Book first, Regret Later

House buyers are advised to do their homework first to avoid booking fee headaches.

A woman paid RM2,000 as deposit for an apartment to the developer without her family’s knowledge. Her parents objected because when they came to know about it because they were afraid she would be tied down by the added commitment. She wanted to know if she could cancel the booking and get a refund.

A man paid RM200 as a booking fee for an apartment unit. He later visited the site and found that the construction progress was not to his satisfaction. He went back to the developer’s office to cancel the booking and request for a refund. At first, he was verbally informed by the company’s marketing manager that a refund will be given. After waiting two weeks, he called the company again to be told that deposit would not be refunded. His argument is that since he had not signed the sale and purchase agreement (SPA), he is entitled to a refund.

A woman paid the 10% booking fee and signed the SPA for a house. She later learned that she was only eligible to secure a bank loan of 85% of the purchase price, instead of 90%. Because of that, she wished to cancel the booking. She was asked by the developer to show proof that she was not eligible to obtain a loan.

Another woman booked a unit and paid RM1,000 as the booking fee. She was supposed to come up with the remaining 10% downpayment within two weeks. However, she decided not to buy the property and wished to cancel the booking and get a full refund.

The National House Buyers Association (HBA) receives many enquiries each year from such people about their deposit problems, including some from buyers who have given up hope of seeing their deposits refunded.

In a normal conveyancing practice where the property is completed, there is a chain of events starting with an ‘offer to purchase’ together with a payment of an initial deposit. There is no fixed guideline on this, and it is up to the vendor, purchaser and their lawyers. This offer to purchase is legally binding once the offer is accepted and should one of the parties withdraw, there is a penalty involved – usually the forfeiture of the deposit or compensation in lieu thereof.

However, with the purchase of housing from plans or under construction from housing developers, there is no provision under the law for collection of booking fees. Obviously, this is confusing to potential purchasers, as there are many advertisements offering initial booking fees as low as RM1.

Collection of booking fees in whatever name is illegal. Regulation 11(2) of the Housing Development (Control & Licensing) Regulations 1989 (revamped 2002) states that: ‘No housing developer shall collect any payments except by whatever name called except as prescribed by the contract of sale.’

The statutory SPA forms – the Schedule of Payments of Purchase Price (Third Schedule of Schedules G and H) – specifies that 10% of the purchase price is to be paid immediately upon signing of the agreement. Our conclusion is that the developers must have obtained prior written consent from the Controller of Housing to be allowed to collect the booking fees.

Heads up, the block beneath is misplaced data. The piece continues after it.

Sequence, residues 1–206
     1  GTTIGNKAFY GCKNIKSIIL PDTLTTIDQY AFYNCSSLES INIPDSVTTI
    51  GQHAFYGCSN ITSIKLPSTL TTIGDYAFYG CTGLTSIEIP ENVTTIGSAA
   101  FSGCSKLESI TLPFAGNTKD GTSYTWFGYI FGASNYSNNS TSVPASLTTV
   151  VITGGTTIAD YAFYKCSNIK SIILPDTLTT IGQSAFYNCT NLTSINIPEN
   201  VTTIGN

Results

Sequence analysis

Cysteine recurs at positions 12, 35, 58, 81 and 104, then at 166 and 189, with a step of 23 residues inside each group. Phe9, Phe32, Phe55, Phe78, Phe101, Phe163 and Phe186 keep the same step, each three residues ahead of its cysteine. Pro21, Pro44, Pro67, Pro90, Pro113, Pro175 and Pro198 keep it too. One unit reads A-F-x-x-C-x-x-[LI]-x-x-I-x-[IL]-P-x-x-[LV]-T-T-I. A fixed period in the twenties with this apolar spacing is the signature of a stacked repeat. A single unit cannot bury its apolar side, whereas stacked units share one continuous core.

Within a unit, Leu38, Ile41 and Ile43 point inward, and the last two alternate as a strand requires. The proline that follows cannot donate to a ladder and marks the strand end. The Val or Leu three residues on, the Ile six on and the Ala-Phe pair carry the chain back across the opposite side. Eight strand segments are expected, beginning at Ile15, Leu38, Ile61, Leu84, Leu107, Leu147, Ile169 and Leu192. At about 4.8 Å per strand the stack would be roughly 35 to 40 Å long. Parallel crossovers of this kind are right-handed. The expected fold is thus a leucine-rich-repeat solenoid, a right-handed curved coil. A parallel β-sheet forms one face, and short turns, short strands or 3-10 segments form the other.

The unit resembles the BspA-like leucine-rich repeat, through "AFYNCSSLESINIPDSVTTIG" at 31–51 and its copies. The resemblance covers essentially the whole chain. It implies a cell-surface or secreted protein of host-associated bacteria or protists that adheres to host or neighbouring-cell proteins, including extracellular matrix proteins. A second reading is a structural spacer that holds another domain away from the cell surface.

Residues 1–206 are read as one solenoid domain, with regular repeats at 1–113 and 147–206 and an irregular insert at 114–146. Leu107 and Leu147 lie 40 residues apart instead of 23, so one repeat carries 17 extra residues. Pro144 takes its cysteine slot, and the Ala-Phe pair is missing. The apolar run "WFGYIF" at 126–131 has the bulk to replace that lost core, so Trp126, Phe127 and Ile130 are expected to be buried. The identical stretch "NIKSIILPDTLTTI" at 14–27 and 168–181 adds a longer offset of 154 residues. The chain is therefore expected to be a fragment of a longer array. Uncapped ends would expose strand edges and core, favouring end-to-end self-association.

Some creative developers than devised ways to circumvent this illegal ‘booking fees’ by getting the buyers to ‘offer to purchase’ and to accept the fees to book their units. These forms/letters provided by the developers also require the purchaser to pay the rest of the booking fees within two weeks. There is usually no cooling-off period, and purchasers are often bound by the offer letter as the monies are now in the hands of the developer.

To serious buyers, it means you do not have to provide a deposit if you have an SPA and the initial payment of 10% of the purchase price. Even after payment of 10% of the purchase price, in cases where the purchaser is unable to obtain a loan, he is able to back his deposit, albeit with a deduction of 1%. This has been provided for in the recent amendment to the contract of sales according to the Housing Development (Control & Licensing) Regulations. This only applies if the purchaser fails to obtain the loan due to his ineligibility of income and has produced proof of such ineligibility to the developer.

Purchasers in the situations above still have an avenue to seek the refunds by going to the Tribunal for Homebuyer Claims. Our advice to serious buyers is to do your homework well, such as checking the construction site and your credit eligibility, before you make any bookings to prevent any regrets.

Reference: National House Buyer Association

The information contained in this pages was obtained from www.hba.org.my and sources believed to be reliable. While every effort has been made to ensure the accuracy and reliability of this material, www.hba.org.my does not guarantee the information is complete or accurate, or up to date. The information contained is for informational purposes only and should not be construed as advice on facts specific to the reader.

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